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Referendum on Food Labels Is failing in Washington

For related articles and more information, please visit OCA's Genetic Engineering page, Millions Against Monsanto page and our Minnesota News page.

A referendum in Washington state on labels for foods containing genetically engineered ingredients appears headed for defeat, a relief for food companies in Minnesota and elsewhere that worked to defeat it.

But the measure's supporters, including a Minnesota-based consumers group, say the fight's not over: State-by-state labeling campaigns will continue to surface.

The Washington measure was failing 55 percent to 45 percent Wednesday, although vote counting was incomplete. The referendum was the costliest in the state's history, as money - particularly from biotech and food industries - poured in to fund advertising. Minnesota's General Mills, Cargill, Hormel Foods and Land O'Lakes all contributed.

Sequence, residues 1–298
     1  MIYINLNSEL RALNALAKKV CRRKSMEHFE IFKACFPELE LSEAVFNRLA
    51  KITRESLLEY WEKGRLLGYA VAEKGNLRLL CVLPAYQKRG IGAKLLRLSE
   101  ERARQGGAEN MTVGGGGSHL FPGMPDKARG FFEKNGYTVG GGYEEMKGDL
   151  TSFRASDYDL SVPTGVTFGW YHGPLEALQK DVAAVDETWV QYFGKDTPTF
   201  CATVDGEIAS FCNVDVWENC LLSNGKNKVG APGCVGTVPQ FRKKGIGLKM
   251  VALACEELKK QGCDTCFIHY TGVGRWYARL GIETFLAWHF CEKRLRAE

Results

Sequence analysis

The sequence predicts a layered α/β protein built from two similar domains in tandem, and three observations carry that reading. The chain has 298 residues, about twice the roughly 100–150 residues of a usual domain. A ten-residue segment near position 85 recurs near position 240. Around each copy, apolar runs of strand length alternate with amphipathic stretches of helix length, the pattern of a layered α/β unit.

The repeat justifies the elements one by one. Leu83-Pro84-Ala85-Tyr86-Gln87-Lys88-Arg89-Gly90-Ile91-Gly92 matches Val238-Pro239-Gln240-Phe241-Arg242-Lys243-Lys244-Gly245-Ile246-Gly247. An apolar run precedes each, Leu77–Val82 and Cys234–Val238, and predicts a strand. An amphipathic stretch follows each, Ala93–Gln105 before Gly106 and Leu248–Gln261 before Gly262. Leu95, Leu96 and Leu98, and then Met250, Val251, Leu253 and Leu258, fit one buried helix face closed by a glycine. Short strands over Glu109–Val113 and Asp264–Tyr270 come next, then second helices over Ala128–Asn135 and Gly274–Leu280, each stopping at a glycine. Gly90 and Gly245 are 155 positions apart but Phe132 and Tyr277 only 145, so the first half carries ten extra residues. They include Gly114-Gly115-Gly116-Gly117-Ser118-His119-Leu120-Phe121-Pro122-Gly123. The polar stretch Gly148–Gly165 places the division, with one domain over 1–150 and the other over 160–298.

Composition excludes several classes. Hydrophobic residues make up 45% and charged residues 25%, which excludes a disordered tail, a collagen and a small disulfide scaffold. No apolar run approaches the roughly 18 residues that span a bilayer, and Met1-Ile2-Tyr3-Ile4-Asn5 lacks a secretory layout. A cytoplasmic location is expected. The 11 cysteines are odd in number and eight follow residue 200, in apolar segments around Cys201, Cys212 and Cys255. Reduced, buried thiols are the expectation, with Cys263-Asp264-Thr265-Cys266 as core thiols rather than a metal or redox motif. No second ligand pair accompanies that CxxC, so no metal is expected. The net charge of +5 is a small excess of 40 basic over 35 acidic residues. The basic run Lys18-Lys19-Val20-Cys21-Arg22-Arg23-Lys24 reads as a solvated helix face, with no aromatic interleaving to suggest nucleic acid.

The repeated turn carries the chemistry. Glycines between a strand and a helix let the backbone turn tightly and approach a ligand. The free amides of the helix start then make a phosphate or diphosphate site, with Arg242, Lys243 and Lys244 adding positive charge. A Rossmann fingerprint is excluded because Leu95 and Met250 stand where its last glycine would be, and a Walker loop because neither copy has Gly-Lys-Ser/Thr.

Most corn, soybeans and sugar beets raised in the U.S. spring from genetically engineered seeds. Federal safety regulators have approved the technology and it has the imprimatur of several science groups. But suspicions over its safety remain, spurring campaigns for labeling.

"It obviously seems the voters in Washington have rejected this costly and complex measure," said Louis Finkel, head of federal affairs for the Grocery Manufacturers Association, a trade group. Its members argue that labeling would raise costs by forcing companies to make labeling runs for an individual state, or to substitute costlier ingredients that are not genetically engineered.   


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